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Year : 2017  |  Volume : 4  |  Issue : 2  |  Page : 26-30

Association of serum biochemical panel with mineralogical composition of kidney stone in India

1 Yenepoya Research Centre; Department of Urology, Yenepoya Medical College Hospital, Yenepoya University, Mangalore, Karnataka - 575 018, India
2 Department of Urology, Yenepoya Medical College Hospital, Yenepoya University, Mangalore, Karnataka - 575 018, India
3 Yenepoya Research Centre, Yenepoya University, Mangalore, Karnataka - 575 018, India

Correspondence Address:
P D Rekha
Professor and Deputy Director, Yenepoya Research Centre, Yenepoya University, Mangalore, Karnataka
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Source of Support: None, Conflict of Interest: None

DOI: 10.4103/ami.ami_24_17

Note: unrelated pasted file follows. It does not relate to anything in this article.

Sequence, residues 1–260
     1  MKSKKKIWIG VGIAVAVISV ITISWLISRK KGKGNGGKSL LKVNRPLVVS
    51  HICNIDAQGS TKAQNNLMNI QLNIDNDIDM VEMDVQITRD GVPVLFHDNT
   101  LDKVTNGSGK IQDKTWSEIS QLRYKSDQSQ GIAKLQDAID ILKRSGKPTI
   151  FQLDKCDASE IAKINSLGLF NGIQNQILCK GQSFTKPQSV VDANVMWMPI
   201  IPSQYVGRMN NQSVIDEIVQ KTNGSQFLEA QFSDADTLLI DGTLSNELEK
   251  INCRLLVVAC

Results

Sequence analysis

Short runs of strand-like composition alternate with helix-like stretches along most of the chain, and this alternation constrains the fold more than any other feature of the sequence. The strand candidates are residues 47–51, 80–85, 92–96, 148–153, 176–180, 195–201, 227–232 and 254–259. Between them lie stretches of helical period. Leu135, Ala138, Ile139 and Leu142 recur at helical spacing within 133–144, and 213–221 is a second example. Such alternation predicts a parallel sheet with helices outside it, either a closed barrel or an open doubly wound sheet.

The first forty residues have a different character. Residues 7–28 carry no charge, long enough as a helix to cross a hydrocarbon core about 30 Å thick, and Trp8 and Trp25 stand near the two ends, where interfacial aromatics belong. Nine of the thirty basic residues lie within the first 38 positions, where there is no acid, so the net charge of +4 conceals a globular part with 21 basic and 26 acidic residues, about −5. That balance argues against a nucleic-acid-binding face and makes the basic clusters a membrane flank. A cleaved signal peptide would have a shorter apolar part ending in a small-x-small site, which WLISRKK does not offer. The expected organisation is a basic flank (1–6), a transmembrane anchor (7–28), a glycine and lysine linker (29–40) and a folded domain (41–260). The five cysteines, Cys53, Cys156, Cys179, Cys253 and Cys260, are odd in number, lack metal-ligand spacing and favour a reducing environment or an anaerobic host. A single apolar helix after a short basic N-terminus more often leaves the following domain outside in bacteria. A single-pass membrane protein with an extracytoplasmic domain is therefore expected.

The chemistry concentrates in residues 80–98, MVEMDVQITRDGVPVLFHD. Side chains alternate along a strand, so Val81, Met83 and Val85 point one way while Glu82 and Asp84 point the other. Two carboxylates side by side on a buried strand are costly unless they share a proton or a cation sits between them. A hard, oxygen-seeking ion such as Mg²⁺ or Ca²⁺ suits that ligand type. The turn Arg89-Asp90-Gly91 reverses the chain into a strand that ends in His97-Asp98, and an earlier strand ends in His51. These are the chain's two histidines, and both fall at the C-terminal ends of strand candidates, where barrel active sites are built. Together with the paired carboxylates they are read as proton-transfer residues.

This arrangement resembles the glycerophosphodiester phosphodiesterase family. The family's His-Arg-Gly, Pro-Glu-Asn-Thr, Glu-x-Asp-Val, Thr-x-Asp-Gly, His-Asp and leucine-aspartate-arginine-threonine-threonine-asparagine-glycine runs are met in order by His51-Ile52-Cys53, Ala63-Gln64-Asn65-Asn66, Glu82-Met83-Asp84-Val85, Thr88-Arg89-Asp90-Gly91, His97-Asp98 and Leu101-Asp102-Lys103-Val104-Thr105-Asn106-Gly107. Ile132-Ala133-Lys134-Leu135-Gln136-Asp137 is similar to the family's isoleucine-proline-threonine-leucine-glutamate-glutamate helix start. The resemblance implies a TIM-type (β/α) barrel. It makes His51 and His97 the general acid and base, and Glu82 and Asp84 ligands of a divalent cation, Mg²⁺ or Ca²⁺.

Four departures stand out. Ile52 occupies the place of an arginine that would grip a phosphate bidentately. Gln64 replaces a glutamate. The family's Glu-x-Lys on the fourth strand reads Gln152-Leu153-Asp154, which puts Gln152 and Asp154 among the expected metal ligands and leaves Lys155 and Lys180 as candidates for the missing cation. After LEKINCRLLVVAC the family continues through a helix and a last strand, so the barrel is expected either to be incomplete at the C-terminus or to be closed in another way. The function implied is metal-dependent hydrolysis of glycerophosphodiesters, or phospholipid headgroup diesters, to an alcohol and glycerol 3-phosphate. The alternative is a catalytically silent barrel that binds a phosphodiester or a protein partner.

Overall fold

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Purpose: The aim is to study the diversity in the composition of kidney stones and its association with the basic biochemical metabolic panel in patients with kidney stone disease (KSD). Methods: A cross-sectional prospective study enrolling consecutive patients with KSD attending a tertiary care hospital in Mangalore (India) was undertaken. Mineral compositions of kidney stones were analyzed using attenuated total reflection-Fourier transform infrared spectroscopy. Kidney stones were classified into different groups according to the composition. Metabolic status was assessed to analyze possible association with the kidney stone. Results: A total of 369 patients (male 305 and female 64) in the age group of 43.05 ± 14.3 years were included in the study and showed a high diversity of kidney stone types with >50% with mixed compositions. A significant association was found between pure stone type and gender as well with age group (P < 0.001). Serum calcium levels in the calcium oxalate stone formers were significantly higher (P < 0.001) than others. Similarly, uric acid stone formers showed higher random blood sugar, blood urea, uric acid, and serum creatinine levels (P < 0.001). Urine pH was also found to be a contributing factor for the stone formation (P < 0.001). Stone recurrence did not differ significantly concerning stone composition as well as metabolic status. Conclusion: The study reports a high diversity of the kidney stone types among patients. This finding highlights the increased cases of mixed stones that may be because of various lifestyle factors resulting in altered metabolic status. This finding warrants mechanistic studies to understand the etiology of stone formation. This will enable to develop novel noninvasive interventional strategies and proper preventive strategies to reduce the risk of KSDs.

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